Michelle Obama calls Trump ‘racist’: US election news – Al Jazeera English

  • Michelle Obama on Tuesday released a scathing video, in which she condemned Trump as a “racist”.
  • Donald Trump spends his first full day in the White House on Tuesday since leaving the hospital where he was being treated for coronavirus.
  • Joe Biden campaigns in Gettysburg, Pennsylvania.
  • Two new polls show Biden widening his lead nationally.
  • Early voting begins in Indiana and Ohio.
  • Pandemic survivors have slammed Trump’s suggestion that the coronavirus is nothing to fear, with 28 days until the election on November 3.

Hello and welcome to Al Jazeera’s continuing coverage of the United States elections. This is William Roberts and Joseph Stepansky.

Tuesday, October 6:

18:00 ET – Facebook bans all QAnon accounts from its platforms

Facebook said it will ban groups that openly support QAnon, the baseless conspiracy theory that paints President Donald Trump as a secret warrior against a supposed child-trafficking ring run by celebrities and “deep state” government officials.

The social media giant said Tuesday that it will remove Facebook pages, groups and Instagram accounts for “representing QAnon” — even if they don’t promote violence, The Associated Press reported.

The QAnon phenomenon has sprawled across a patchwork of Facebook groups, Twitter accounts and YouTube videos in recent years. QAnon has been linked to real-world violence such as criminal reports of kidnapping and dangerous claims that the coronavirus is a hoax.

17:45 ET – Trump tweets polls in Pennsylvania showing Biden lead are ‘fake’

An average of polls in Pennsylvania in last month show Biden with a 6.5 percentage-point lead over Trump, according to RealClearPolitics.com. Trump won Pennsylvania in 2016 by a narrow 0.62 percentage-point margin.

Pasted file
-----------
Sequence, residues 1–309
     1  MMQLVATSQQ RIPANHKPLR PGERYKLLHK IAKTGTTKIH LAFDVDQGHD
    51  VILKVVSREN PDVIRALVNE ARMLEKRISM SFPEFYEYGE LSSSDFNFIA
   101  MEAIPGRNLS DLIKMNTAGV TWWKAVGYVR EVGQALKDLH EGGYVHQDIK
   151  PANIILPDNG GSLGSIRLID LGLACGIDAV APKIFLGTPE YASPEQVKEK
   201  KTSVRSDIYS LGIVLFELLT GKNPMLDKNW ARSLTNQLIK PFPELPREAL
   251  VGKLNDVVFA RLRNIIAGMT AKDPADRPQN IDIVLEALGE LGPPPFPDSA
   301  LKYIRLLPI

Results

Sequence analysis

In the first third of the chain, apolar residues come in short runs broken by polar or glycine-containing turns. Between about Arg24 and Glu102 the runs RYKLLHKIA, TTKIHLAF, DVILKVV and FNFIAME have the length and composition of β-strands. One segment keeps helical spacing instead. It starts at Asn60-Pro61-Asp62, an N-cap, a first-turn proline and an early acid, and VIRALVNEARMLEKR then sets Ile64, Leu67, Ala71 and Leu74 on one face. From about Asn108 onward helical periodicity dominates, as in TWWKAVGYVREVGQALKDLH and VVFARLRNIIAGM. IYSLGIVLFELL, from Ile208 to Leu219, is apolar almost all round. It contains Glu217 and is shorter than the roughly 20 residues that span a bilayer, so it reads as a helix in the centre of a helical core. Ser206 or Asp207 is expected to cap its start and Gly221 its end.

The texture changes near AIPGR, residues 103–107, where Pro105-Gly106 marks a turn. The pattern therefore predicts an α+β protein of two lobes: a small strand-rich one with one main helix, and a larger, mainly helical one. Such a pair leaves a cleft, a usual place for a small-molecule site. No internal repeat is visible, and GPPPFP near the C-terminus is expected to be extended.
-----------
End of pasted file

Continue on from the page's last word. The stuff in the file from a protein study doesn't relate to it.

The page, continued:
17:00 ET – St. Louis couple indicted for waving guns at protesters

A grand jury on Tuesday indicted the St. Louis couple who displayed guns while hundreds of racial injustice protesters marched on their private street.

Al Watkins, an attorney for the couple, confirmed to The Associated Press the indictments against Mark, 63, and his wife, Patricia McCloskey, 61.

The McCloskeys, who are both attorneys, have become folk heroes among some conservatives, and were featured at the Republican National Convention.

They argue that they were exercising their Second Amendment right to bear arms, and were protected by Missouri’s castle doctrine law that allows the use of deadly force against intruders.

Patricia McCloskey and her husband Mark McCloskey have been indicted for brandishing guns at protesters [Reuters]

16:55 ET – Biden warns of ‘something darker’, ‘more dangerous’ happening than ‘just our broken politics’

In a fiery speech from Gettysburg, Pennsylvania, Biden warned of “something bigger going on in this nation than just our broken politics. Something darker. Something more dangerous.”

The speech, which derided “division” and again cast the election as a battle for the country’s “soul”, referenced the president’s response to ongoing racial justice protests across the country. It comes days after the first presidential debate, when Trump demurred when asked to condemn far right and white supremacist groups.

“I’m not talking about ordinary differences of opinion,” Biden said. “No, I’m talking about something different, something deeper.”

“[It’s] true many Americans seek not to overcome our divisions, but to deepen them,” he said.

“We cannot and will not allow extremists and white supremacists to overturn the America of Lincoln, of Harriet Tubman and Frederick Douglass,” he said.

Democratic presidential candidate former Vice President Joe Biden speaks at Gettysburg National Military Park [Andrew Harnik/The Associated Press]

16:45 ET – Pelosi slams Trump for ending stimulus talks